Saturday, June 6, 2020

Six Degrees of Separation: from Normal People to Over Sea, Under Stone (Modern Dublin to the Holy Grail)

It’s time for #6degrees, inspired by Kate at Books Are My Favourite and Best. We all start at the same place as other readers, add six books, and see where one ends up.   This month’s starting point is Normal People by Sally Rooney (2018):
I read Rooney’s first book Conversations with Friends last year but found the lack of quotation marks pretentious and the characters unlikable.  I doubt I would have finished if it hadn’t been for my book group.  However, this one seems more interesting and the new miniseries is getting great reviews (except from the Bishop!) so I suspect I will try it some time. 

Can you think of instances where a movie or miniseries is significantly better than the book? 
I read this and saw the movie so long ago it really took some digging to remember the title - The English Patient by Michael Ondaatje (1992), which is my first book. 
It won the Booker but I found it impenetrable.   However, the movie won nine Academy Awards with a great cast, including Colin Firth, Kristen Scott Thomas, and Ralph Fiennes.  I recall taking a client to see it in Ann Arbor, on a business trip back when Borders was in flower.

My second book is also set in Italy during WWII: A Thread of Grace by Mary Doria Russell (2005).  This is a story of Jewish refugees being hidden and saved by Italian Catholic resistance fighters.  What is memorable was that I won my book group a visit from the author.  It turned out she was in Ohio and it was a virtual visit back before we were all virtual.  2006 wasn’t that long ago but we had to meet at the home of the only person who had a speaker phone!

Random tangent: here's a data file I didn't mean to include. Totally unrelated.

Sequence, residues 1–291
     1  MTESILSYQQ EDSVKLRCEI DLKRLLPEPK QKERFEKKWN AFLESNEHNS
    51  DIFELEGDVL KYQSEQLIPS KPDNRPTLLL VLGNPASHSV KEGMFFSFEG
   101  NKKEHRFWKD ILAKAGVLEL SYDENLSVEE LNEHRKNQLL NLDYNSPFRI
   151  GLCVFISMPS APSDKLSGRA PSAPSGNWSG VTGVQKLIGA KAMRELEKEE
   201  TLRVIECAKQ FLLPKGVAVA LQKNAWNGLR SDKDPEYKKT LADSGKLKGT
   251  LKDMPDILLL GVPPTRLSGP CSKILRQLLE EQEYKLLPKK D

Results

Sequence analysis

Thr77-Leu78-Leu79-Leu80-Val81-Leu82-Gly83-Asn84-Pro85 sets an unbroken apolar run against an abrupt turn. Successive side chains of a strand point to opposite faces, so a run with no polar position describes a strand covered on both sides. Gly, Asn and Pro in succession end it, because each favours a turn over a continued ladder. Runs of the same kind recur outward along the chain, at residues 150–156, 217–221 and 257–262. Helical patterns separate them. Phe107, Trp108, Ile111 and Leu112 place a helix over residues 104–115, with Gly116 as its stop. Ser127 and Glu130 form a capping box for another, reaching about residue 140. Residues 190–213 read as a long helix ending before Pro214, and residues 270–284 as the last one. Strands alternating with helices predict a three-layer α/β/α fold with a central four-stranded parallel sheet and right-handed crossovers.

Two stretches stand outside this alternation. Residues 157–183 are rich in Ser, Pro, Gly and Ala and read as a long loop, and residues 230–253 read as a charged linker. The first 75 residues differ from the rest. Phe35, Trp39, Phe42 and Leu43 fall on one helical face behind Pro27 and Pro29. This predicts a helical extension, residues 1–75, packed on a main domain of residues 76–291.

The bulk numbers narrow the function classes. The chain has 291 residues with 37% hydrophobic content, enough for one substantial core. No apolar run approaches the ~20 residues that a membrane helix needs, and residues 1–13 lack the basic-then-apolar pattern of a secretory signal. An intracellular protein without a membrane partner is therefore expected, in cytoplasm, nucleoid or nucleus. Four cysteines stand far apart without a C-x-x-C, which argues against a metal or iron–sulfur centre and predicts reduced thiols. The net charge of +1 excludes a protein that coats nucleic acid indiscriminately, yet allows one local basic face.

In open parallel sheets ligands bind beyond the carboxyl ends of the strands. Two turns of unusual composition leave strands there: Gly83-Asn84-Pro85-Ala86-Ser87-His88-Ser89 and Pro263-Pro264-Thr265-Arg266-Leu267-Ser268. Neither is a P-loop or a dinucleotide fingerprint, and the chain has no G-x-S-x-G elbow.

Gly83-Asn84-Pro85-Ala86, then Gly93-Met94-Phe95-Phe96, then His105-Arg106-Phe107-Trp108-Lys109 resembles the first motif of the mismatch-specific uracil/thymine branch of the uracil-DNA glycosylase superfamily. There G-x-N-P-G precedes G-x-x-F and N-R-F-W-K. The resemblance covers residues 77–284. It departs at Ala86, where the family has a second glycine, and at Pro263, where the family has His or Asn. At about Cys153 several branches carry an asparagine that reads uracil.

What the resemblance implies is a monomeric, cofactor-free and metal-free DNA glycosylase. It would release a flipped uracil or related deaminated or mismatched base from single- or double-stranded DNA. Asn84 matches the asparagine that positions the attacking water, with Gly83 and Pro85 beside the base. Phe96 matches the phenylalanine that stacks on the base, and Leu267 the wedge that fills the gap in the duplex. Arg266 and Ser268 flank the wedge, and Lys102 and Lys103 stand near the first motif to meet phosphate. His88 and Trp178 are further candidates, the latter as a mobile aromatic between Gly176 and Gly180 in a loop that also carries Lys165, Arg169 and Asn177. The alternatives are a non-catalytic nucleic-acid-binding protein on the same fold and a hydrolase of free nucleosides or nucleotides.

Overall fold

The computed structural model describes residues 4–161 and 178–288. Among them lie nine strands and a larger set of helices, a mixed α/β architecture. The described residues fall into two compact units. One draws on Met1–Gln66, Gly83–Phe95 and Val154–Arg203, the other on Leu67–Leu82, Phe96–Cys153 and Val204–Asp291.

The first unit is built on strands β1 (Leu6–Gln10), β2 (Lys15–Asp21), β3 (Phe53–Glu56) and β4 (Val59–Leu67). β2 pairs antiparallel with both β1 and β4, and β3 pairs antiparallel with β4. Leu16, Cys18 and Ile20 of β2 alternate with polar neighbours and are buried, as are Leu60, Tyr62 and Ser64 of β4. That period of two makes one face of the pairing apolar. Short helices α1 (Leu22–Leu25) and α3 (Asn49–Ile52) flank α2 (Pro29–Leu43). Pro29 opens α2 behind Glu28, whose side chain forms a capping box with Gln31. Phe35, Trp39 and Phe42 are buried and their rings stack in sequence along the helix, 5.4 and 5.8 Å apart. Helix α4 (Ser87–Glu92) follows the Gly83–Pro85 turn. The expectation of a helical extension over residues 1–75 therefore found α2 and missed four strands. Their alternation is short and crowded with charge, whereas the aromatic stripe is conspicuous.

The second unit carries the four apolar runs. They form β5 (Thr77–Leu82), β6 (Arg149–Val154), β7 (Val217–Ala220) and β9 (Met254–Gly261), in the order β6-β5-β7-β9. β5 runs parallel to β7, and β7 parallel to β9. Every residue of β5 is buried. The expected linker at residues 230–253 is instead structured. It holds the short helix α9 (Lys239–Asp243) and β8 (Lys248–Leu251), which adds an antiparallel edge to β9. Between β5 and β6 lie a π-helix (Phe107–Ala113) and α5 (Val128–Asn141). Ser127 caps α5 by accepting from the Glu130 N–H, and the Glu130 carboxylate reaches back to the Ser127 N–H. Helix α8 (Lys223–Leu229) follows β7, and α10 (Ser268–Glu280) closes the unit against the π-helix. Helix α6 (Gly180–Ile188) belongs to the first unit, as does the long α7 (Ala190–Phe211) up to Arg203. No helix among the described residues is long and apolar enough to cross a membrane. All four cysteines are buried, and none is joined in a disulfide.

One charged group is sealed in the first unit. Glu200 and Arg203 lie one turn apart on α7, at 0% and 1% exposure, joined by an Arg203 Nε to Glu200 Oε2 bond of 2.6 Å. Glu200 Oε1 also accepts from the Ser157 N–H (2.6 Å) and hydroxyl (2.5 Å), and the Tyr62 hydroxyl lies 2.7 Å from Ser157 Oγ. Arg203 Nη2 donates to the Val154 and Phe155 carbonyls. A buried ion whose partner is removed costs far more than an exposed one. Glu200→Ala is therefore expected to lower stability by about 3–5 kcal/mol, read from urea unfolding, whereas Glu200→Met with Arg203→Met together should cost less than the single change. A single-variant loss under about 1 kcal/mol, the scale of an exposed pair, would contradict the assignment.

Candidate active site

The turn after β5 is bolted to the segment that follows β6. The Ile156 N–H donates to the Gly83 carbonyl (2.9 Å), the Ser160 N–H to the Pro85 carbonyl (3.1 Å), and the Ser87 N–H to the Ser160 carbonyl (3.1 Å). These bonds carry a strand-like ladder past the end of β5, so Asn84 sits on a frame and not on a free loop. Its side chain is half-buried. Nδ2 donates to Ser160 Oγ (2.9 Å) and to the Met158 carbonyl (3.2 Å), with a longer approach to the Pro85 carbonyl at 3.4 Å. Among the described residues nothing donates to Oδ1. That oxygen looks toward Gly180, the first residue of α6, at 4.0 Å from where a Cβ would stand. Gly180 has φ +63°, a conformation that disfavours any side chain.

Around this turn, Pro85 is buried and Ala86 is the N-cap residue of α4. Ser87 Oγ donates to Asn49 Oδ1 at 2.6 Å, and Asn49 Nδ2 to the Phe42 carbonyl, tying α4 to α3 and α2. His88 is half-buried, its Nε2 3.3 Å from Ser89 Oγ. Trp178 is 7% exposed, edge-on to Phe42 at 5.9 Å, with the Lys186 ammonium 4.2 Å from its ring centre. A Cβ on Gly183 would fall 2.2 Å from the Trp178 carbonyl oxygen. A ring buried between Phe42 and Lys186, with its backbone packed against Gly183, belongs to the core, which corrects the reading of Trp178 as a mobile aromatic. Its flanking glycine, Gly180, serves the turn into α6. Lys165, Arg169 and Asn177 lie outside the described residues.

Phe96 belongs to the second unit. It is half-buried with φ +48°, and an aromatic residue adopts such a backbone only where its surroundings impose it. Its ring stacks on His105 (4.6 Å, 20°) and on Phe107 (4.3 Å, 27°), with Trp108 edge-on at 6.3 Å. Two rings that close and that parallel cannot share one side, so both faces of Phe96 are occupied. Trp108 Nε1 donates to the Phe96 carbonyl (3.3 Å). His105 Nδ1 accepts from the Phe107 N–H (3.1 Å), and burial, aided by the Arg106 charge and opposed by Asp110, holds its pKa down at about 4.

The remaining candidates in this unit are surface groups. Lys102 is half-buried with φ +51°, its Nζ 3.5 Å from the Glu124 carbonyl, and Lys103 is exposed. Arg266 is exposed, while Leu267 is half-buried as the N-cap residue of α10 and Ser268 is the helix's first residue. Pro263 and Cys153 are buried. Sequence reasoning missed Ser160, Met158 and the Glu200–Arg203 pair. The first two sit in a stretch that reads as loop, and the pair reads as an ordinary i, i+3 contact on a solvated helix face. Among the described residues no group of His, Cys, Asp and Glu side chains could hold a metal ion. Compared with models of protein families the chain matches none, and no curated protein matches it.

My third book is written by another prominent Ohio author, And the Ladies of the Club by Helen Hooven Santmyer (1982).  I think this is the most famous book written about a book club, following a group of women after the Civil War as they and their small town grow and change over the years.  Not a quick read but very enjoyable.
My fourth book is The Joy Luck Club by Amy Tan (1989) about a club that also revealed people's changing lives.  This was a big bestseller set in 1949 about four Chinese women, recent immigrants to San Francisco, who meet weekly to play mahjong and tell stories of what they left behind in China.  Remember this beautiful cover?

Joy reminded me of my fifth book, Surprised by Joy by C.S. Lewis (1955), which I had forgotten is not about his marriage to Joy Gresham but his conversion to Christianity.   I know the Narnia books very well and enjoyed the Perelandra trilogy but have only skimmed his nonfiction, with the exception of English Literature in the Sixteenth Century, which I used extensively in college.
Finally, my sixth book is Over Sea, Under Stone by Susan Cooper (1965) which came to mind because I just read an interview about her experience as an Oxford undergraduate when C.S. Lewis and J.R.R. Tolkien were teaching:

I never personally met Tolkien or Lewis, and I’d never heard of Narnia, but we were all waiting eagerly for the third volume of The Lord of the Rings to come out, and I loved going to Lewis’s booming lectures on Renaissance literature. Tolkien lectured on Beowulf and was rather mumbly, except when declaiming the first lines of the poem in Anglo-Saxon, beginning with a great shout of “Hwaet!”
There were a couple professors when I was in college who were so famous that students would attend an occasional lecture even if they weren’t taking a course with them.  It was also a tradition to clap after the last lecture of the semester.  I am not sure I have the audacity to imagine sneaking in the back of the lecture hall to gaze admiringly at Tolkien or Lewis and, as I recall, Dorothy Sayers was one of the few women allowed near their inner circle, so I might not have been welcomed.